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Film Review: ‘Jack Ryan: Shadow Recruit’


David Ives - published on 01/17/14 - updated on 06/07/17

Does director Kenneth Branagh pull off the Jack Ryan reboot?

While watching Jack Ryan: Shadow Recruit, one gets the distinct impression that the character of Viktor Cherevin desperately wants to be a James Bond villain. You see, he's got a maniacal plan to destroy the economy of the United States (sure, you could make the argument somebody has already beat him to the punch on that, but still, he has a plan), he has unlimited funds to carry out his evil schemes, and he has all the hubris required of a would-be world conqueror. Cherevin has everything he needs to make his dream of matching wits with James Bond come true… except for James Bond himself. No, in lieu of a dashing and debonair nemesis, the foe Cherevin has to face instead is Jack Ryan the Shadow Recruit as played by Chris Pine. Yeah, it's not quite the same, is it? So, in resigned disappointment, Cherevin, as well as the movie itself, just kind of coasts along in a lackluster manner, never really reaching their full potential.

Now, it all starts okay enough with a montage of pre-title sequences introducing this new version of Jack. You see Jack as he attends college majoring in finance, but his patriotism is spurred by the 2001 terrorist attacks on the World Trade Center, so he puts his career plans on hold, enlists in the military, and heads off to Afghanistan. After his helicopter is shot down, Jack (we are told, not shown) heroically drags two fellow soldiers to safety despite his own back being broken (the first of the movie's many moments in strained credulity). and is subsequently sent to John Hopkins to recover and regain the full use of his legs. It's there that he not only first meets his physical therapist/future fiancé, Cathy (Keira Knightley), but also comes under the watchful eye of Thomas Harper (Kevin Costner), a veteran government spook who sees potential in the young analyst/soldier.

It's while working for Harper as an undercover operative in a large Wall Street investment firm that Jack uncovers a looming terrorist threat. Putting his higher education skills to work, Jack has determined that someone plans to crash the U. S. economy through a coordinated physical/economic attack, one that can only be stopped if someone retrieves the necessary financial records from Russia. Being the only person employed by the United States government who understands international finance (I'm not sure if this strains credulity or is pretty much accurate), Jack is ordered to undertake the assignment himself, despite the fact that (1) Harper promised him he would never have to do field work or carry a gun, and (2) Cathy knows nothing about her fiancé's side job as a spy, so he must lie to her about his reasons for going.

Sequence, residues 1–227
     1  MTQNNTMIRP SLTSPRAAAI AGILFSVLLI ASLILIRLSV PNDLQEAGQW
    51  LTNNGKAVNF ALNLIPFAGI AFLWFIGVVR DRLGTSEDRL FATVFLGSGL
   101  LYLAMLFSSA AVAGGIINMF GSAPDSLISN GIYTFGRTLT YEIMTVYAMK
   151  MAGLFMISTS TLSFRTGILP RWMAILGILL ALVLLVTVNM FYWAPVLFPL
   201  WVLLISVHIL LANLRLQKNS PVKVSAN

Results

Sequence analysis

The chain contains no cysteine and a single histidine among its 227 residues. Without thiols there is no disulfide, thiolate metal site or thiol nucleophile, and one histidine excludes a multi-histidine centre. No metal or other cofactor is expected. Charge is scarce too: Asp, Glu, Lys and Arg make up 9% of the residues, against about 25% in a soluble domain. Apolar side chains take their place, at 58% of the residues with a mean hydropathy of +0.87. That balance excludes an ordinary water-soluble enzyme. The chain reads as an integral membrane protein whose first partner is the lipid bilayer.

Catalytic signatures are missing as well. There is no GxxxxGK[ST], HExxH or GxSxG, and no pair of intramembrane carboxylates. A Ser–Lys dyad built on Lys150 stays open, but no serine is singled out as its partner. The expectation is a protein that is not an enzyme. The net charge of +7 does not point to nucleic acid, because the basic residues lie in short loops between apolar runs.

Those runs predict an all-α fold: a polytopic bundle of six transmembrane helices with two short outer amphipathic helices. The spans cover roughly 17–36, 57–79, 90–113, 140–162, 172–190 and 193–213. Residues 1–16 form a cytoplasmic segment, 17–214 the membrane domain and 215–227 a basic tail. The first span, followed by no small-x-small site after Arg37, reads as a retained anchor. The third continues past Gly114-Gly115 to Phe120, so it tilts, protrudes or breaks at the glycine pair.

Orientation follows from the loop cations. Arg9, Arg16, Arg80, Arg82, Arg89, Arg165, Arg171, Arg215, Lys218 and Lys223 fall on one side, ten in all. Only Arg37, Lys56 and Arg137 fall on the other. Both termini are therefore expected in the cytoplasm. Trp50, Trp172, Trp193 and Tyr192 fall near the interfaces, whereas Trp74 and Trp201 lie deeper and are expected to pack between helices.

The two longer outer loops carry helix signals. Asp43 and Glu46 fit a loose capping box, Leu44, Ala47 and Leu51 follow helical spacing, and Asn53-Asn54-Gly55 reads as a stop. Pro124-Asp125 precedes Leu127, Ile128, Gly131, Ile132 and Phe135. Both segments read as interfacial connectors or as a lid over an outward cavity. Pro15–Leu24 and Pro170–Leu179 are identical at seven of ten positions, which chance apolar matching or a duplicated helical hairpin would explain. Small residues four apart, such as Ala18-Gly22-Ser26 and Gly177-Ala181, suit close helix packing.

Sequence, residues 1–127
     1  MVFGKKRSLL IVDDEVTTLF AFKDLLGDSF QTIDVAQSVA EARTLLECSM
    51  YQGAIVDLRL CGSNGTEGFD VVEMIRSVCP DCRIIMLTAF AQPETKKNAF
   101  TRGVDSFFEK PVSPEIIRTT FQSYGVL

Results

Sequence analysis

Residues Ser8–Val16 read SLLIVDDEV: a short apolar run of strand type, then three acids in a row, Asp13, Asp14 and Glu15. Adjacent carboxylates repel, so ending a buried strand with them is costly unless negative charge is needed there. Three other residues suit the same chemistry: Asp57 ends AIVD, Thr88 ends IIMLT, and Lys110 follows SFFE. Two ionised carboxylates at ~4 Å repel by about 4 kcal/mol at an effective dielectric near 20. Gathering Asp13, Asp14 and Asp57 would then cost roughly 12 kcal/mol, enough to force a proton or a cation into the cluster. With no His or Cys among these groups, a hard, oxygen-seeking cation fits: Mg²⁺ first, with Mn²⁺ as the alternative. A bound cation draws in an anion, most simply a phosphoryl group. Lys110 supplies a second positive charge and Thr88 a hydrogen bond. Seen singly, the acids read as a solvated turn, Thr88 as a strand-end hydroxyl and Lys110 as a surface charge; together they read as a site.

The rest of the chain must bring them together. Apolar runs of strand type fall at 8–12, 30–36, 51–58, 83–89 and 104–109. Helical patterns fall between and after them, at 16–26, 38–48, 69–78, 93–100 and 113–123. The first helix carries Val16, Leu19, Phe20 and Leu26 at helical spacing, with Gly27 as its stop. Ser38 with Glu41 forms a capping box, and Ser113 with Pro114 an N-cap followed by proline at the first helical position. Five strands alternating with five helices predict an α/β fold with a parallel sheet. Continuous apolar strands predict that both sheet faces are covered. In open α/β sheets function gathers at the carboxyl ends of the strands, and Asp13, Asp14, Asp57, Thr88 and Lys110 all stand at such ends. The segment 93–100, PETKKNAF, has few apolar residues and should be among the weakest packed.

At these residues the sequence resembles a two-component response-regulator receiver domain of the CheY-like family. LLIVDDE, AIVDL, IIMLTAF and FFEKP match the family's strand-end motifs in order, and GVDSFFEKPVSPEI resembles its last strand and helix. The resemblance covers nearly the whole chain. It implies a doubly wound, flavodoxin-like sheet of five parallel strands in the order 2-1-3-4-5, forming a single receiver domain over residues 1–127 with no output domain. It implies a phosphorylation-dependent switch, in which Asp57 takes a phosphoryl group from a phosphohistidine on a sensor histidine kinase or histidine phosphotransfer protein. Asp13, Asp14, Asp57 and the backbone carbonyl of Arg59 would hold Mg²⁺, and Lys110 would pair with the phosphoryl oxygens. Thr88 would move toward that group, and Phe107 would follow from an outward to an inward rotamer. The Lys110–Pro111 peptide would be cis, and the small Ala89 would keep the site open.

Immediately upon arriving in Russia, Jack is set upon by an assassin and is forced to kill a man for the first time (apparently the only action he saw in Afghanistan must have been when his helicopter went down), an act which weighs heavily on his mind. After surviving  the attempt on his life, Jack finally meets with his nemesis, Cherevin (Kenneth Branagh doing double duty as actor and director), only to find that the villain has destroyed most of the necessary evidence needed to head off the terrorist attack. The only way to get the information now is to break into Cherevin's office and retrieve the data directly from his computers, which means someone will have to distract Cheverin long enough to allow this to happen. Fortunately, a suspicious Cathy has followed Jack to Russia and, as luck would have it, she brought  along some low cut formal wear, reads the same Russian novels as Cheverin, and has expert knowledge about the medical condition he suffers from. She makes for a fine distraction, and once she learns about Jack's secret life, decides to join in the mission, a choice Harper seems okay with despite her complete lack of training.

From that point on there are plenty of chases, gunfights, lots of procedural technobabble, and an obligatory explosion or two. You can pretty much check off the plot points as they happen. Don't get me wrong, Jack Ryan: Shadow Recruit is not a bad movie. There's nothing exceedingly wrong with it. It's a perfectly serviceable spy thriller that hits all the necessary beats. It's just that the beats are ones we've all heard plenty of times before and this time around they're being played by a not particularly memorable cover band instead of the real thing.

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